By Junsui Films | May 2012
The acclaimed Cinematographer talks exclusively to Junsui Films about the challenges of shooting a ’real-time’ horror movie for his latest film, SILENT HOUSE…
Junsui Films: How did you get involved in Silent House?
Igor Martinovic: Directors Laura Lau and Chris Kentis approached me to shoot a different film a few years ago, which was sadly never realised. But we stayed in touch and when they asked me to join them on Silent House, I didn’t even hesitate for a moment. Opportunities like that don’t come often.
JF: The film, a remake of the Uruguayan movie, La Casa Muda, is presented as a single, uninterrupted 88-minute sequence. What were your initial reactions when you first read the script and how aware were you of [Gustavo] Hernández’s original film?
I watched Casa Muda only once since I didn’t want those images to stick in my mind. Laura wrote a new script which had similarities with the original but was also very different in many ways, so once we started working on the film we never went back to the original. But [Gustavo] Hernández’s film is really well done and featured impressive work by cinematographer Pedro Luque.
JF: Tell us a little about how you and writer/directors Chris Kentis and Laura Lau approached the challenge of executing a ‘real time’ horror movie.
Subjectivity was the core of our visual approach. We wanted the audience to feel present in the moment and a “real time” element was an important segment of that approach. The idea was to establish the camera as a witness of the horror Sarah is going through. Even more importantly we tried to portray the horror within her and that is something that often is even scarier than the violence that happens in the outside world.
Technically, the challenges were aplenty. The camera was such an active element of the story that we had to rehearse every moment in the film numerous times in order to be able to film it in continuous takes.
JF: How do you feel your work on documentaries such as Man On Wire and The Tillman Story helped prepare you for capturing the film’s sense of realism?
Silent House was meticulously constructed and there was not much that was left for chance. We rehearsed for almost three weeks and every move by the actors or camera was pre-planned. That said, we had to make an impression that everything happening felt real and not constructed. So we applied various documentary techniques – hand-held, natural, motivated light and focus that is not always perfect.
Talking about focus, we had an interesting challenge to solve. Since the camera was seeing 360′ and there were no marks for actors our focus puller (the amazing young AC Ludovic Littee) pulled focus off of monitor sometimes being over 50 yards from action. It was really important to create a sense of immediacy. The camera had to be ever present but the audience should not be aware of it.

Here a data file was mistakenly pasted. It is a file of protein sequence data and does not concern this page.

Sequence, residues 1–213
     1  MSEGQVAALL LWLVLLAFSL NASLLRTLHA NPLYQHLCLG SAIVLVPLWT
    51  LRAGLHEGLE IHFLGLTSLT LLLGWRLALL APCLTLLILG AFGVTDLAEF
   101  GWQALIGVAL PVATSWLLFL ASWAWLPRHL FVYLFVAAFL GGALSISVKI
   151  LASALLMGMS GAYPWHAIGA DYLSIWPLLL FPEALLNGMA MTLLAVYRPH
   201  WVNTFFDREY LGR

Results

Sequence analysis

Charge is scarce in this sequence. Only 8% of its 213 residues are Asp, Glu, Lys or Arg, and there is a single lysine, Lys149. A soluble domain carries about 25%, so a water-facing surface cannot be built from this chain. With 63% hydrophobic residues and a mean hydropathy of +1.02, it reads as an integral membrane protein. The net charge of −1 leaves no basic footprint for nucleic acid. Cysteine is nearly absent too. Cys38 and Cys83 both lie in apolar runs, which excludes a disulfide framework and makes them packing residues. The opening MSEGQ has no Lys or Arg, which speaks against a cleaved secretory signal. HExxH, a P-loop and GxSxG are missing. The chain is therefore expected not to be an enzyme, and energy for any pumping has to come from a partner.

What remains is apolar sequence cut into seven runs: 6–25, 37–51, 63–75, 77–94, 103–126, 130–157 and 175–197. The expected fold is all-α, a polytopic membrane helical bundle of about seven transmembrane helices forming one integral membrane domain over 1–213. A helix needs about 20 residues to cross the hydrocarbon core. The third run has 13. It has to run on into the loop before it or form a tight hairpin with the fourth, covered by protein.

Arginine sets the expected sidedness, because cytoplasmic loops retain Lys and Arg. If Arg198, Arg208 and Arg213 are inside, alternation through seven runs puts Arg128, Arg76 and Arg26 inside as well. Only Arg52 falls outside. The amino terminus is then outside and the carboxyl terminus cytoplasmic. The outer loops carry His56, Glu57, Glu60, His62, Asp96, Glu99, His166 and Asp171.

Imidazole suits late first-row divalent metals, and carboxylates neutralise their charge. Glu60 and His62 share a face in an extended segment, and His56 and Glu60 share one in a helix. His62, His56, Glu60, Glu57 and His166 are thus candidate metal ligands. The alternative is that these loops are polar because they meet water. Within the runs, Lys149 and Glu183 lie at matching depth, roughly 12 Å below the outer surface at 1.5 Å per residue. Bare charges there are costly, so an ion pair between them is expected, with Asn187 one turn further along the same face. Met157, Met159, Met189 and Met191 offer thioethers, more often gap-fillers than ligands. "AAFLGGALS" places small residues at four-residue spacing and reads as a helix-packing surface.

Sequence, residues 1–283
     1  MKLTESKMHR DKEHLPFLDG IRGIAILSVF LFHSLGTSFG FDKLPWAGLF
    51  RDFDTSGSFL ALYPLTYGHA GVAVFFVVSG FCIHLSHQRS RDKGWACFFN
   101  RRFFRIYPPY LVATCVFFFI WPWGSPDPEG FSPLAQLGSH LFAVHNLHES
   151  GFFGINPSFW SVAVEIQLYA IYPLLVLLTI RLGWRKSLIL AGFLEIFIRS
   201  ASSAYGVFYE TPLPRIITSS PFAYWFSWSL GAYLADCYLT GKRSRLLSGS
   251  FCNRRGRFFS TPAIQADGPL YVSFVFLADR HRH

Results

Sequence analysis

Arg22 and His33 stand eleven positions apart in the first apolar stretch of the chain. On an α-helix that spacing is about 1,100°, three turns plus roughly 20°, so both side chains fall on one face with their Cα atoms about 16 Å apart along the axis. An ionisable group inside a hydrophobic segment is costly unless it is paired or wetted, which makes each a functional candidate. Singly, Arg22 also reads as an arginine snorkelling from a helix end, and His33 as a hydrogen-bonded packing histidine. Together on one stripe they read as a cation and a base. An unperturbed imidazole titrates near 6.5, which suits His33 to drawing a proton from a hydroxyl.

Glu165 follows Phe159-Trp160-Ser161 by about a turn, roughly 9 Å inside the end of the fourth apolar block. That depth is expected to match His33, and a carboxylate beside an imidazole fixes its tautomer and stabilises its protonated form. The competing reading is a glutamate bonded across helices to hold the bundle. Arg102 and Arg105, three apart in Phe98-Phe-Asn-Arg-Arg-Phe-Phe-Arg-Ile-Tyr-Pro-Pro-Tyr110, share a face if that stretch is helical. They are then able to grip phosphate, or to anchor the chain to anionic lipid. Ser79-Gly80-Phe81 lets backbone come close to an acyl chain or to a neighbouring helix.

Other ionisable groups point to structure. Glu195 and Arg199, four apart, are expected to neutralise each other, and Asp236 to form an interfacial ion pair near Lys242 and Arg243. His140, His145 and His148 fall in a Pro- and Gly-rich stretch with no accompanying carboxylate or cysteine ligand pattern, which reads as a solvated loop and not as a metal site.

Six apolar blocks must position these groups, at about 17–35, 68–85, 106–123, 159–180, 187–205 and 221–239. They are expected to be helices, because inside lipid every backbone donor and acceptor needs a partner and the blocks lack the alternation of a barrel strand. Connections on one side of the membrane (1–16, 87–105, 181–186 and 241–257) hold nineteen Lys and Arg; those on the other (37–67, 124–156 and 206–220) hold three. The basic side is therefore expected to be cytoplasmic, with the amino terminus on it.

JF: Let’s talk about the location. What were your impressions of the house?
The house was an empty building we took over, decorated it and transformed into a cavernous place. Laura was always talking about house being a representation of Sarah’s subconscious self.
We created a grid of light on the ceilings throughout the house. The film was lit the way theatre plays are lit with a lighting board and an operator hitting the various cues. One exciting thing about the house were numerous stairs that were particular challenges when you as an operator have to walk backwards sometimes even 30-40 times as we would repeat the takes.
JF: What was the most difficult sequence to choreograph?
The most difficult scene was when Sarah runs out of the basement and runs through the field. The camera follows her running for 200 meters. Sarah stops and a little girl miraculously appears behind her. A car stops to a screech in front of her. Then the camera enters the car and gets situated on the back seat. The car drives back those 200 meters and stops in front of the house. As the driver leaves the car the camera travels to the driver’s seat. After numerous cues with the trunk door opening and the appearances of shadowy creatures the camera travels outside the passenger door following Sarah and gets into the house. All that was to be done in one continuous take within a 20-minute window, since we needed to shoot the sequence at dusk. I think we shot that on three different evenings.
JF: Tell us about your interactions with the cast and more specifically Elizabeth Olsen who delivers an emotive and committed performance as protagonist Sarah.
Lizzy is an incredible, nuanced actress with extraordinary concentration and stamina. She didn’t only need to remember her lines but had to remember all the cues, moments when to stop, where to stop, where to look and when you have 30 of those in a span of 14 minutes it is not an easy task. It was incredibly challenging job for her and she did an amazing job.
The camera was an active element in telling the story and she completely understood how technically challenging this film was and she was always patient and supportive. The camera needed to be in complete sync with her and we often joked that we’re not filming but dancing together.
JF: And finally, what are you currently working on?
I recently finished shooting on a feature film, Sunlight Jr. a contemporary drama directed by Laurie Colyer starring Naomi Watts and Matt Dillon.